Yesterday the U.S. Supreme Court began their annual session with the newest justice, Sonia Sotomayor, joining in for the first time. And she jumped right in with both feet, asking lots of questions of the lawyers appearing before the court that day.
A couple of weeks ago, as part of the New York Yankees’ Hispanic Heritage Month, Sotomayor threw out the first pitch as the team met (and defeated) the Boston Red Sox at Yankee Stadium.
Sotomayor, a long-time Yankees fan, a Bronx native of Puerto Rican descent, and the first Hispanic to serve on the Supreme Court, fired a pitch to catcher and Puerto Rican native Jose Molina. (She was escorted out to the mound moments earlier by another Puerto Rican catcher, Jorge Posada.) After the pitch, Yankees manager Joe Girardi reportedly said to the Justice, “We’ll be calling you next week with a contract.” He later reported that the Justice replied that “she’d stick to her day job.” In 1995, it was Sotomayor, a federal district court judge in Manhattan at the time, who famously issued a temporary injunction to end the 1994-95 baseball strike–many say she saved baseball.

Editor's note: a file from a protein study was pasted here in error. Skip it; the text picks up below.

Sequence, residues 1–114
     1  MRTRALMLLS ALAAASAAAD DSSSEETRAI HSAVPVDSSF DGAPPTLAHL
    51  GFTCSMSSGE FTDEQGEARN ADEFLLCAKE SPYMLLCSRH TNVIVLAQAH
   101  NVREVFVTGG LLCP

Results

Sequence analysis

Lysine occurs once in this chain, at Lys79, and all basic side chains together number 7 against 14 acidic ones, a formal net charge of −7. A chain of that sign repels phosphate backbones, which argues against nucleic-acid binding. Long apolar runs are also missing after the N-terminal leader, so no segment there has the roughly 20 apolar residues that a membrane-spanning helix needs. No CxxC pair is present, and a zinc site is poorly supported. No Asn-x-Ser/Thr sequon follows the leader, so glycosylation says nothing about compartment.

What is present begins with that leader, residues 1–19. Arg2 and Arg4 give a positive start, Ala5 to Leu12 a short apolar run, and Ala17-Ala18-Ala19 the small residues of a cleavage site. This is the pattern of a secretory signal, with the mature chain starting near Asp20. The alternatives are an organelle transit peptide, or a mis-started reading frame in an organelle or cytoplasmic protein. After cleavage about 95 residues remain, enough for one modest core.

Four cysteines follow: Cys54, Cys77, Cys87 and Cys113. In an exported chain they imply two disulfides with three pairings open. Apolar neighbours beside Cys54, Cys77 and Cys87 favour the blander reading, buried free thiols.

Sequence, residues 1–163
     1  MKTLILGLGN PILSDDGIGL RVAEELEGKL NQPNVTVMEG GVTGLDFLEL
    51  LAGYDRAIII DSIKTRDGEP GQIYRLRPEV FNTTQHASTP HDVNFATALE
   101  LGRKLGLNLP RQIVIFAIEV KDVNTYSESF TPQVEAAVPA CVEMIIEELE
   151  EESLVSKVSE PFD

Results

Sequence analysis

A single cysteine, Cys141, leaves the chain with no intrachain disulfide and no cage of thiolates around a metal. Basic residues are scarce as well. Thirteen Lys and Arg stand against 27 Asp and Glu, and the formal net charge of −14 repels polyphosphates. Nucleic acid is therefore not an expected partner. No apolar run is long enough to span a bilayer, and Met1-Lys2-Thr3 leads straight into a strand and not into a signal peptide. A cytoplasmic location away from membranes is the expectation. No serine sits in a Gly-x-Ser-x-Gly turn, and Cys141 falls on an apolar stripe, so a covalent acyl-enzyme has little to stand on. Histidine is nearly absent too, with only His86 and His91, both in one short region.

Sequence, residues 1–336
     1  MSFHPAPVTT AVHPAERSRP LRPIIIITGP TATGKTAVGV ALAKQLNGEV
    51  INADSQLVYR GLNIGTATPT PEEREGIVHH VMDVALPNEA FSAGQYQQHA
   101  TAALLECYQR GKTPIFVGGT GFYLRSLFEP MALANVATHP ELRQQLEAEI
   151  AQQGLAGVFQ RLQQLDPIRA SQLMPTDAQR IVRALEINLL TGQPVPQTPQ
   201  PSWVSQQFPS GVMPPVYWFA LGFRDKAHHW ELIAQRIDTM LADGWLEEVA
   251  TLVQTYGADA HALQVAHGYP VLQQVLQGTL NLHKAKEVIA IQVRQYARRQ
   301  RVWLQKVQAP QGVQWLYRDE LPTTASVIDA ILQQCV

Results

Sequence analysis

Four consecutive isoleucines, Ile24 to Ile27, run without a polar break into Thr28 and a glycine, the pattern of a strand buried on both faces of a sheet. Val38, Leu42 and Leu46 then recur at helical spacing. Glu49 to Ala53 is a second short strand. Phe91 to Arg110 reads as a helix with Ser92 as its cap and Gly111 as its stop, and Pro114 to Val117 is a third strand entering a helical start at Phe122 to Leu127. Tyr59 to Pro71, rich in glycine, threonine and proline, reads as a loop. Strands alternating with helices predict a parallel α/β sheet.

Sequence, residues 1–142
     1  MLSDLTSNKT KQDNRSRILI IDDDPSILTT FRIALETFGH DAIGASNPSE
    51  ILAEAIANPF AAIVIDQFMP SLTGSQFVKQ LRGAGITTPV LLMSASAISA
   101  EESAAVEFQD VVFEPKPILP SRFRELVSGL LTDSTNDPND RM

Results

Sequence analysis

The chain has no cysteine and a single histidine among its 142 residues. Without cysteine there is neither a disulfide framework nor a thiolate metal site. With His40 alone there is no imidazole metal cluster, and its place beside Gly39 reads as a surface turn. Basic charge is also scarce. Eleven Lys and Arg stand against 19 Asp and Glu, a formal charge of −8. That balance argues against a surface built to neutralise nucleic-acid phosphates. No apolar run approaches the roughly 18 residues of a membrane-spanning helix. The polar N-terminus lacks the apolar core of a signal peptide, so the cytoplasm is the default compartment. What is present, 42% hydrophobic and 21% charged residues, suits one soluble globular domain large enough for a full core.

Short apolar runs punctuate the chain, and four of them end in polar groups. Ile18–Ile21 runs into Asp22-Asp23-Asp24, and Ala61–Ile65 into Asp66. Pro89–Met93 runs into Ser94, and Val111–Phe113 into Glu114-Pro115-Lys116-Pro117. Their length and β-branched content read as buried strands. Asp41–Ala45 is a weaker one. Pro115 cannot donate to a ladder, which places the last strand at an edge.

The whole event got me to thinking both about baseball and about Puerto Rico. I was wondering when it was that throwing a ceremonial pitch first came into being and, more importantly, when that ceremony began to attract national politicians. To understand more on that, I’m going to consult two histories–covering the game before and after 1921: NEVER JUST A GAME and MUCH MORE THAN A GAME, both by Robert Burk.
The other interesting connection, of course, is between New York City and Puerto Rico.The indispensable history of the island is PUERTO RICO IN THE AMERICAN CENTURY: A HISTORY SINCE 1898, by Cesar J. Ayala and Rafael Bernabe.
Both major- and minor-league baseball has been critical, of course, to the melding of Hispanic and American culture.
-Kate Torrey, UNC Press Director